From Pratt (1858)

Skirting the hill to the westward of this glen [Bracoden] for some little distance, we descend by a winding path to the village of Gardenston or Gamrie, which, like Pennan, is built on the margin of the Moray Firth, at the base of a steep hill. The road, following its turnings and windings down the face of the brae cannot be far short of a mile, the direct descent not exceeding a sixth of the distance. In making our way to it, we descend from terrace to terrace, and look down, as it were, into the very chimneys of the houses below. The situation is singularly striking. The houses are perfect eyries, built on ledges and in the recesses of the cliff. The lower and older part of the village is close upon the sea. The harbour was crowded with boats, and two small sailing craft were receiving their cargo of fish. Men with the loose sailor-jacket, red woollen nightcap, and huge boots peculiar to their craft; women with the national serge petticoat, short wrapper, and head-gear—consisting of a handkerchief fastened under the chin—all familiar to a Scottish eye, gave a pleasing animation to the scene.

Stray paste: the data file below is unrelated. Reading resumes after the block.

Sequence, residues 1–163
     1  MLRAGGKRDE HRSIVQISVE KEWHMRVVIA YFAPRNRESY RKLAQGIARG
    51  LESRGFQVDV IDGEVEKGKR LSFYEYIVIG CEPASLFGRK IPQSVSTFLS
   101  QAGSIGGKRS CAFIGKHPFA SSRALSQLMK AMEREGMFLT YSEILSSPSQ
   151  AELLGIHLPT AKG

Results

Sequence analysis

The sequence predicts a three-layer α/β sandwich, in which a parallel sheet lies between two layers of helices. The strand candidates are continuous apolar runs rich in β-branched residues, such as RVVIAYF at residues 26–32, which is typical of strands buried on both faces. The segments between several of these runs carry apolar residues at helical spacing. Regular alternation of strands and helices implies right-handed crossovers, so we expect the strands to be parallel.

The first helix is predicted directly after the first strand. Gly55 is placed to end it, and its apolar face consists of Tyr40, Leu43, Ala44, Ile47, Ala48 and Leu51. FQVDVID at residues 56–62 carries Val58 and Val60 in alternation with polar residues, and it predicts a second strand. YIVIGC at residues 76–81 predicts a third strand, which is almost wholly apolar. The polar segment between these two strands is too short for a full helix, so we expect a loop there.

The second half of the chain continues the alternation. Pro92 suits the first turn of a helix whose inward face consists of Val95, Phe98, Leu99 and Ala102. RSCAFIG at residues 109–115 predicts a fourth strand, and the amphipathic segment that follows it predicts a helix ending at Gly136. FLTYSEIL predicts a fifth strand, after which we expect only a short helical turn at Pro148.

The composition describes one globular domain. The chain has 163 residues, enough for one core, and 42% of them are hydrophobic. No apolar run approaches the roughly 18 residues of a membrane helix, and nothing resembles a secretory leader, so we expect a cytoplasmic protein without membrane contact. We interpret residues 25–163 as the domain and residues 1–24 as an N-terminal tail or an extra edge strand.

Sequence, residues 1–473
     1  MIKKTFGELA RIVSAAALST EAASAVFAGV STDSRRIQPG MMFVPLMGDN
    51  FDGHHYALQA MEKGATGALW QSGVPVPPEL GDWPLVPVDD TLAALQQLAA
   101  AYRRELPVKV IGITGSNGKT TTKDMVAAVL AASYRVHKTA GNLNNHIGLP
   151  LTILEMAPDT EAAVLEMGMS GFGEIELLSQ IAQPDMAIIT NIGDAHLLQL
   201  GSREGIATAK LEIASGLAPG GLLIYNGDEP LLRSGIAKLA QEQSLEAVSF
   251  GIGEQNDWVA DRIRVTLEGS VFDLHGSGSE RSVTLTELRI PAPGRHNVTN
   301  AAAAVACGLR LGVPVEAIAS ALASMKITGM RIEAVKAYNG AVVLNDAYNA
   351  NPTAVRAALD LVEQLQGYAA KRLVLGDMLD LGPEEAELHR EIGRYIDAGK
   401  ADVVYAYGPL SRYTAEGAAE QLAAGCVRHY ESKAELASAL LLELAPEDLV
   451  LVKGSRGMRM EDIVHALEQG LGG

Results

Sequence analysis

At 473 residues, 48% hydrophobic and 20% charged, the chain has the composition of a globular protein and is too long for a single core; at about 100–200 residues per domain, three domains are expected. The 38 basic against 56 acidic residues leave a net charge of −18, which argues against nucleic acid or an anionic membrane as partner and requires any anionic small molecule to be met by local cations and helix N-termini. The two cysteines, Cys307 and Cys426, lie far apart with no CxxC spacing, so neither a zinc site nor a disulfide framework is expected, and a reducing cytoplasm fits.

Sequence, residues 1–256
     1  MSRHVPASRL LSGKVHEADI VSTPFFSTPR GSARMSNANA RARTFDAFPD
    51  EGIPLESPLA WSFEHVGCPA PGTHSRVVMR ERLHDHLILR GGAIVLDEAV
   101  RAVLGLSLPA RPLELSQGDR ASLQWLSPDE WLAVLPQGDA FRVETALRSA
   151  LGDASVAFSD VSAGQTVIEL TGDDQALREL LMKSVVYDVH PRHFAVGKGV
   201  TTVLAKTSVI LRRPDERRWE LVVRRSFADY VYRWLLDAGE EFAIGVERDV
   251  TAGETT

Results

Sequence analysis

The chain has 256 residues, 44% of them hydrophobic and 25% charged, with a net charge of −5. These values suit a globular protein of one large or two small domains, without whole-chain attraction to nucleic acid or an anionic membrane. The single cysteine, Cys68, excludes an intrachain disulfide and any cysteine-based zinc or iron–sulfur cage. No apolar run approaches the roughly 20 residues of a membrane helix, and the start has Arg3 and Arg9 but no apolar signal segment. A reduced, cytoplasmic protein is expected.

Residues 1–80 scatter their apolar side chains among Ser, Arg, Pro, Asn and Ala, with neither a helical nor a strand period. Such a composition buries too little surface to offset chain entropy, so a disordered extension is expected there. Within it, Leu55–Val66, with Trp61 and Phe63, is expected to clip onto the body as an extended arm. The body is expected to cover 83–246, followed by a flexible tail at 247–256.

Above High Green, a turn in the road leading down to the harbour, a substantial amount of house-building has taken place and there is even a modern supermarket and petrol station. Since Pratt's time very little has changed below High Green: the seatown is a series of close-packed tiers of cottages, clustered into the magnificent cliffs that line the coast. The cottages built closest to the sea stand gable-end to the coast, but higher up the cliff the cottages face the sea, and the magnificent seaward views.

(The 11th of 14 pages. Revision date: Friday 16th March 2012)

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